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The Windows Desktop Metaphor

--by Matt Brault

The Windows Desktop Metaphor

The Graphical User Interface of Microsoft Windows 95 and above has been based upon a metaphor of a desktop. Imagine, if you will, a desk with drawers. The drawers contain folders and documents, and on top of the desk are your computer, a network cable, a trash can (you don't have much floor space), and several things that need to be easy to reach: A pencil holder, stapler, telephone, a few pictures of your family. The Windows designers hope you imagine this when learning how to use their OS, and can easily understand it. The "background" in Windows is called the " desktop" and is supposed to relate to a real desk. In fact, you have "My Computer," "My Documents," "Network Neighborhood," and many other things. You manipulate the objects on your desktop using either a keyboard or mouse, since you cannot touch the objects on there. The mouse cursor becomes your fingers.

Windows Explorer

Windows Explorer is Microsoft's idea of a drawer with folders and documents inside of it. These documents are called "files." A real folder can contain just about anything, from a letter of commendation from a friend, a picture of your grandparent's dog, or even a pencil. Windows wants you to think of this when you're using Windows Explorer.


Imagine a sticky note pointing you to a different folder for a related document. This would be a short cut. In Windows, when you open the short cut, you get the document out, and when done automatically put it away. (Where it was.)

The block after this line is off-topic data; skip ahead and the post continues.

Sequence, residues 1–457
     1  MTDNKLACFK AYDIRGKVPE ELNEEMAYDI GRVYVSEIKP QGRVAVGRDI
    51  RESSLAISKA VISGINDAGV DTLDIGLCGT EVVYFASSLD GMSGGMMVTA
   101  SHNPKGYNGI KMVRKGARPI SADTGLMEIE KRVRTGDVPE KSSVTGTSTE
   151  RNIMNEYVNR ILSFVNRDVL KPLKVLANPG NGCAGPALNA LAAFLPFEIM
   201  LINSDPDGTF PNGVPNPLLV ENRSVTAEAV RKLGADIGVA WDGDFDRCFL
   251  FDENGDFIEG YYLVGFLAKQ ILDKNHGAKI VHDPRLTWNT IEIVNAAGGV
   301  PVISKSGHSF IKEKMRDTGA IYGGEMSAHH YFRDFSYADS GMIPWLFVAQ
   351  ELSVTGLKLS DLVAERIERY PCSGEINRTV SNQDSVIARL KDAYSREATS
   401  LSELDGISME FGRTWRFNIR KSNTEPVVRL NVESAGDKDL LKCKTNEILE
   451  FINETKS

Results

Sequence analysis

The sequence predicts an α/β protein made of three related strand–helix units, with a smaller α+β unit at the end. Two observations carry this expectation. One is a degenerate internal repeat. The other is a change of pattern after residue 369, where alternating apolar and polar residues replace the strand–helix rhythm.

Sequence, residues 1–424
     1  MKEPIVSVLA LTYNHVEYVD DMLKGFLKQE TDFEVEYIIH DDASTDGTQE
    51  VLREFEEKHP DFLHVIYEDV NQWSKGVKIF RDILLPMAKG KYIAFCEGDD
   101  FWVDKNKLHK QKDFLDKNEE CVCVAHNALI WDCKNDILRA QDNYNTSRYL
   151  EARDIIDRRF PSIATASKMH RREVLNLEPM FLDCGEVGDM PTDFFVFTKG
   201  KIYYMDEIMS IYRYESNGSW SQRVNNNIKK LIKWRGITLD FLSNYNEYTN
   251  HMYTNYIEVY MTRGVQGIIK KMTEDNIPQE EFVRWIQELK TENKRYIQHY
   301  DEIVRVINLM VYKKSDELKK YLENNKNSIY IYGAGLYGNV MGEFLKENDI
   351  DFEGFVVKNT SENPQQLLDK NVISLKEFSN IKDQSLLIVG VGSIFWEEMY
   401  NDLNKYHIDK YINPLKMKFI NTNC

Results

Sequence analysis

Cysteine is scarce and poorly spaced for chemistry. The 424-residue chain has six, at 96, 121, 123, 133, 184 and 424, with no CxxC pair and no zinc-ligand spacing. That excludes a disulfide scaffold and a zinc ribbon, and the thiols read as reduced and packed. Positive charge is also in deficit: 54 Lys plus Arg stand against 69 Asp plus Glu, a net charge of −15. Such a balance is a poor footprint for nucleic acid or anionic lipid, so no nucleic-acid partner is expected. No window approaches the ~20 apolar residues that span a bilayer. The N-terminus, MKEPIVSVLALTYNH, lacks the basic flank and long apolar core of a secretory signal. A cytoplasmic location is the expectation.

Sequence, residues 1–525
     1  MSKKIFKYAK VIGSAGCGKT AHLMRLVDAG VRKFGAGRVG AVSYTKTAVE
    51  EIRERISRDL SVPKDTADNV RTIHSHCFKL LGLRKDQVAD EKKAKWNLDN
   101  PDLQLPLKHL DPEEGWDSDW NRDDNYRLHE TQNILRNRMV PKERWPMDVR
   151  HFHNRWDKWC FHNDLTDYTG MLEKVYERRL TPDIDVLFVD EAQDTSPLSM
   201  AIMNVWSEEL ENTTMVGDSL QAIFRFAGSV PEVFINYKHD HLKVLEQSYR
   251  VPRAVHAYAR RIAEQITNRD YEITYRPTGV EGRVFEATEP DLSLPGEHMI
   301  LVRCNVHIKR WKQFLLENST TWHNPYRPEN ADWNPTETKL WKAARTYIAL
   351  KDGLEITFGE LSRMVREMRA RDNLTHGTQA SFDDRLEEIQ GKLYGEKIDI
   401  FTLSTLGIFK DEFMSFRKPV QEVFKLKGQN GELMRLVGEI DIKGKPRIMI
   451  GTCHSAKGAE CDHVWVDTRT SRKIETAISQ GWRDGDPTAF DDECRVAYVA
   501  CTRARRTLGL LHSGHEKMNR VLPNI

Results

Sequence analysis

The Start Menu

In your middle desk drawer are paper and pencils and other useful tools to help you get a job done. Maybe there's a portable game or two. ;-) You open the start menu (open the drawer), and select the application you want to run (pick up a paper clip), then close the drawer. The application comes up, and you do what you want to (clip a few papers together.) When you're done, you close the application and put everything away (but your paper clip remains on the papers unlike the application staying open.)

The Task Bar

You need to clear off your desk, and so what do you do? You shove everything off the desk in to the middle desk drawer. Then, when you want to work on it again, you open that drawer and bring it out again. The Windows task bar is the drawer you put everything in.

The Task Bar Tray

Think of a pencil holder with integrated clock. This sits on top of your desk, and provides easy access to your pencils, pens, and other stuff. That's what the task bar tray is supposed to be.

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